• Shingles

    Asked by Loafer on Friday, September 7, 2012

    Shingles

    Did treatment bring on shingles for anyone? Would you recommend the shingles vaccine before starting treatment?

    7 Answers from the Community

    7 answers
    • nancyjac's Avatar
      nancyjac

      I definitely wouldn't get it without your oncologist's approval as the vaccine can do more harm than good in certain circumstances and it is not recommended by the CDC for those under 60 years old, that already have an compromised immune system (including those with cancer) or taking certain medications including steroids, which are often used in cancer treatment to minimize side effects.

      I am 65, had chicken pox as a child, have not been vaccinated, had chemo, surgery, radiation, targeted and hormone treatment to treat cancer and I have not had shingles.

      over 4 years ago
    • Loafer's Avatar
      Loafer

      Thanks for the response. I haven't started any treatment yet - just wondering if this was a good idea - before I compromise my immune system. I have surgery scheduled for next Monday when the journey begins....

      over 4 years ago
    • Ivy's Avatar
      Ivy

      I agree with the answers already given, with this exception. You should have the vaccination later--definitely do have it. My mother, who is quite elderly and a real trooper for her age, had shingles a few years ago, and the pain was so major that she would have welcomed death for awhile. Insurance will reimburse after age 60 generally. The vaccination is quite expensive. I had it two years ago, and it cost about $200. While technically my insurance would reimburse, they required that injection be done by someone in my network. It's a very large network, but not a single doctor actually had the vaccine. It's very expensive for doctors to stock the vaccine: it has to be stored in a special sub-temperature freezer, it has to be used immediately if it thaws out, and so on. So after calling about 15 doctors and finding no one actually giving the vaccine, I gave up and went to a grocery store clinic, got the vaccine, paid for it myself, and gave up on getting satisfaction from my very well-known insurance carrier.

      Regarding vaccines and chemotherapy, my oncologist had me quit getting allergy injections before and during active chemotherapy treatment. I've been told by this doctor that I can restart allergy injections about 5 weeks after active treatment ended, and the same holds true for the annual flu vaccine. This might not apply to everyone, as I came through chemotherapy with blood levels higher than typically found. So it would be wise to let your doctor set the date for getting various vaccines, but know that it's not likely to be ruled out for too long a period.

      over 4 years ago
    • islandlady's Avatar
      islandlady

      I got the shingles during my chemo treatment. Too late for me to get vaccine.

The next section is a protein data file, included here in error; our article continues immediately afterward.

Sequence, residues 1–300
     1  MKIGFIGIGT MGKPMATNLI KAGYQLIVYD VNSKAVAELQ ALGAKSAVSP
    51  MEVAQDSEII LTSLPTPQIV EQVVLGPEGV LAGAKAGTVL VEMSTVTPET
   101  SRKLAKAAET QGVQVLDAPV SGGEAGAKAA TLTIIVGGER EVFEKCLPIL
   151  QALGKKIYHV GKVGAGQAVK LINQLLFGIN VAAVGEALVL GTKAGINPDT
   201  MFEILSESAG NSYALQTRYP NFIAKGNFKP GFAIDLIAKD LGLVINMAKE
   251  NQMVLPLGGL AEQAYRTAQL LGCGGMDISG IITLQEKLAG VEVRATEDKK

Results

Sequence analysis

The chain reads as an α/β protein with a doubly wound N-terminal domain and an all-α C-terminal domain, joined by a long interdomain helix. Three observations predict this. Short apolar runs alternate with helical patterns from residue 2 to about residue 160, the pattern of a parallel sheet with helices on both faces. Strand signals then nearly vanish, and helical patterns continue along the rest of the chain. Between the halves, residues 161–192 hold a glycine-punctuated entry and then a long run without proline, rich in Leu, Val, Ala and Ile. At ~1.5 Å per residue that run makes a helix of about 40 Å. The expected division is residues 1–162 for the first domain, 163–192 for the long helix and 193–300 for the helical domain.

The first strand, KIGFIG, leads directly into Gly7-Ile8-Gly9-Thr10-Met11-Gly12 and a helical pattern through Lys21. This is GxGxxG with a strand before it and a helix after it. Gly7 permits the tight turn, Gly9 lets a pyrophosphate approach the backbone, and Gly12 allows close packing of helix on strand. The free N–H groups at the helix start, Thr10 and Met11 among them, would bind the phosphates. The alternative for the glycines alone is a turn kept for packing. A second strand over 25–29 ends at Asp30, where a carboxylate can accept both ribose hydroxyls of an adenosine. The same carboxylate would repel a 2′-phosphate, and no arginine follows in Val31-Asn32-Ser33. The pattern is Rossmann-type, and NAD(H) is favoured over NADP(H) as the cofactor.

over 4 years ago
    • LadyM's Avatar
      LadyM

      I have had recurrent shingles since age 28 but they stopped with Chemo. I have had very mild outbreaks since my treatment came to an end. I dont know if you can get a vaccine while in treatment - that is definitely an Oncologist question.

      over 4 years ago
    • Karenhi's Avatar
      Karenhi

      Right before I was scheduled to start treatment I talked to a woman who got a terrible case of shingles during treatment, on her face near her ear, which gave her vertigo in addition to the tremendous pain. The thought is that shingles is opportunistic, and can re-emerge because your immunity is compromised by chemo and rads. A web search seems to indicate that it is not a rare occurence.
      I asked and got permission from my onc to postpone chemo for a month to get the vaccine and give it time to kick in. Of course I will never know if I would have actually gotten shingles without the vaccine, because not everyone gets it; but it gave me a tiny bit of control during a time I felt precious little control over anything.
      Insurance will pay for the vaccine (which cost over $200) only if you are over 60. I am within spitting distance of that benchmark, but out of luck by a few months. I will appeal, but I am not holding my breath.

      almost 4 years ago
    • Karenhi's Avatar
      Karenhi

      Right before I was scheduled to start treatment I talked to a woman who got a terrible case of shingles during treatment, on her face near her ear, which gave her vertigo in addition to the tremendous pain. The thought is that shingles is opportunistic, and can re-emerge because your immunity is compromised by chemo and rads. A web search seems to indicate that it is not a rare occurence.
      I asked and got permission from my onc to postpone chemo for a month to get the vaccine and give it time to kick in. Of course I will never know if I would have actually gotten shingles without the vaccine, because not everyone gets it; but it gave me a tiny bit of control during a time I felt precious little control over anything.
      Insurance will pay for the vaccine (which cost over $200) only if you are over 60. I am within spitting distance of that benchmark, but out of luck by a few months. I will appeal, but I am not holding my breath.

      almost 4 years ago

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